Calf Health and Colostrum Management
The Importance of Colostrum for Calf health
One of the most critical factors for calf health occurs in the first hours after birth: intake of colostrum. Colostrum is the first milk a female mammal produces after birth. It is higher in nutrients, protein, and antibodies than regular milk. When a calf is born, it does not have any disease protection inherited from the mother; it must gain antibodies from the colostrum. Immediately after birth, the calf’s digestive tract is open to absorb antibodies directly into the bloodstream. Within 24 hours, the intestines stop being able to absorb these antibodies. That means time is of the essence. Ideally, within the first four hours of birth, a calf should drink about four quarts of colostrum.
The most accessible source of colostrum is the mother; most calves can get enough from suckling immediately after birth. If the dam or calf has health problems, however, you may need a substitute. For this reason, it is a good idea to have a stock of colostrum ready. You can milk a cow soon after calving and freeze excess colostrum. Otherwise, you can use a commercially produced colostrum replacement to ensure the calf receives the necessary nutrients and antibodies. Because you have such a small window of time after birth, it is crucial to make sure you always have some form of colostrum on hand.
When a calf does not absorb a sufficient quantity of antibodies, it’s called Failure of Passive Transfer (FPT). FPT is a significant factor in higher rates of sickness, death, and a lower growth rate. According to the University of Kentucky College of Agriculture, about one-third of calf deaths in the first three weeks of life are a result of FPT. A blood sample taken between 24 and 48 hours after birth can indicate whether the calf has high enough immunoglobulin levels.
A Healthy Calf Environment
The first priority for your calves’ environment is to make sure that it is dry. Dampness means higher levels of ammonia and more flies, which can pose health risks. During cold months, straw is a great bedding choice that provides some insulation. If you are in a cold environment, you may need to heat the calf housing area to ensure the calves stay warm enough. Calves should be kept in housing between 10°C (50°F) and 20°C (68°F). When it’s warmer, sawdust works well without retaining as much body heat. With either material, make sure that you are changing the bedding regularly so that the calf isn’t living in damp conditions. Hutches should be cleaned out entirely and disinfected between calves to prevent disease transfer.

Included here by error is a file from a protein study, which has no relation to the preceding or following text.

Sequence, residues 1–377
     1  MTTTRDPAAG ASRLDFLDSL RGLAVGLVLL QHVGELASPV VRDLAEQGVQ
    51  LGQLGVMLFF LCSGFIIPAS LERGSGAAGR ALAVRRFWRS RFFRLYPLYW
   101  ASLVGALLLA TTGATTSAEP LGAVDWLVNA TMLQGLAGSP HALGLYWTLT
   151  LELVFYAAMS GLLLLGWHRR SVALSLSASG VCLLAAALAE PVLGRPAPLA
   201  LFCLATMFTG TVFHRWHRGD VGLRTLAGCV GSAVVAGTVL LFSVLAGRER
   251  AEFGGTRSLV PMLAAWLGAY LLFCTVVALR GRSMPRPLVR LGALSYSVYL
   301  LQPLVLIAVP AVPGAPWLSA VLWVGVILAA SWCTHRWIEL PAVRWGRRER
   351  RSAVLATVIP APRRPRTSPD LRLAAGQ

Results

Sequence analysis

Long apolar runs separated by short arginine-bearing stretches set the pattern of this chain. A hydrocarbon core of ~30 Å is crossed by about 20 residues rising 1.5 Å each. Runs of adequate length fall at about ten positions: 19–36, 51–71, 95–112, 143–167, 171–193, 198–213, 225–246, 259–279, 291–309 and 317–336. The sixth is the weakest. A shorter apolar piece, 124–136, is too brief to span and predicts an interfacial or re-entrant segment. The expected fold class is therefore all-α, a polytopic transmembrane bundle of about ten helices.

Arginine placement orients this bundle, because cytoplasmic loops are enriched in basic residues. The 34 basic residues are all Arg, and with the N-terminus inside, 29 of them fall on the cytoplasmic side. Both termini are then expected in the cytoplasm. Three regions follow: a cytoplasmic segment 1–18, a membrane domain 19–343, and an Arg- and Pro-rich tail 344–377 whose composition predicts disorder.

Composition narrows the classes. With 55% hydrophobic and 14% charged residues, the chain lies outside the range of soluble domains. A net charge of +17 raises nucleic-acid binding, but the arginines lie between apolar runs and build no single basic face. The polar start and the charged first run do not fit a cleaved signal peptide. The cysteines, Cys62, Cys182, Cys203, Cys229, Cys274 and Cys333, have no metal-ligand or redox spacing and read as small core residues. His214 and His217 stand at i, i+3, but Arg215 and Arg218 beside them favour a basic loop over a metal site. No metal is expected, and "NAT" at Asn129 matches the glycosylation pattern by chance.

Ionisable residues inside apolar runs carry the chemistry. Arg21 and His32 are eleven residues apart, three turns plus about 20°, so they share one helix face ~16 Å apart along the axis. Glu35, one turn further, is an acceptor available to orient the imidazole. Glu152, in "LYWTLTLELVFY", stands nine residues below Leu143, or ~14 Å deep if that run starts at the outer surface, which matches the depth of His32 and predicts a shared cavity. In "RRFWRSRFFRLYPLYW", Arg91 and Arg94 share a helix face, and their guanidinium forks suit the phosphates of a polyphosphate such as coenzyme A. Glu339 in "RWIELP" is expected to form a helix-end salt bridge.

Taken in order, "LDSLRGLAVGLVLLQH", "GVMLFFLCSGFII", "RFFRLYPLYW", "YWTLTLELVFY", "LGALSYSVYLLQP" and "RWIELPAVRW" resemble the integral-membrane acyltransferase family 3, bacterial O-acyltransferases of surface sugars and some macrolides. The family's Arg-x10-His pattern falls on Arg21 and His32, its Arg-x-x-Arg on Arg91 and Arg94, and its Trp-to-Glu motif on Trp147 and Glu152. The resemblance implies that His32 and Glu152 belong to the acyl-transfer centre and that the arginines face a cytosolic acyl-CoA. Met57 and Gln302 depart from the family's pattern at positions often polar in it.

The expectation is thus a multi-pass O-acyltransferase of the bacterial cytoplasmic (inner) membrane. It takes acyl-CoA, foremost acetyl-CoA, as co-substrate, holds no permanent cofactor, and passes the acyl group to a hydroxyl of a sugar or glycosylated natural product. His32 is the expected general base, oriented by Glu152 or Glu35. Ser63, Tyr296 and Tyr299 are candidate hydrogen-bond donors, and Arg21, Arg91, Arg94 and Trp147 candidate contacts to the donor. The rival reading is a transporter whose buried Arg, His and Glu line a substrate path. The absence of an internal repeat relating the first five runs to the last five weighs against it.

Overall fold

During warmer months, heat management is essential. If you are housing calves in individual hutches, you should create a gap between the ground and the back of the hutch to allow for airflow. You might also try using a layer of lightweight reflective material over the outside of the hutch to deflect sunlight. If your calves are housed together in a barn, make sure you have an effective ventilation system to keep air moving and help the calves regulate their body temperature.
Deciding When to Wean
In order for a calf to thrive after being weaned, it must have a fully developed rumen. If it hasn’t been eating enough starter grains before weaning, it may not be able to absorb enough nutrients and will fall behind in growth rates and overall health. For this reason, it is best to time weaning based on starter consumption rather than simply according to the calf’s age.
You can begin offering calves a starter grain during their first week. They will only eat a little at first; over time, you can increase the amount of starter you offer and gradually decrease their milk. Making sure that you’re providing fresh, dry grain that’s regularly replaced, as this will help entice the calves to eat.
As you monitor starter intake, you should look for two key milestones: consuming a quarter of a kilogram /half a pound a day and consuming two pounds a day. At the quarter of a kilogram/half pound mark, a calf’s rumen is beginning to develop. From that point, it takes three to four weeks for the rumen to fully develop. Once a cow is eating two pounds a day for at least three days in a row, they are typically ready to wean. Before deciding to wean, you should make sure your calf is hitting both of these milestones: at least three weeks since their first day eating half a pound of starter, and at least three days of eating two pounds of starter. If you follow these indicators, the calf should be able to absorb the proper amount of nutrients once weaned.
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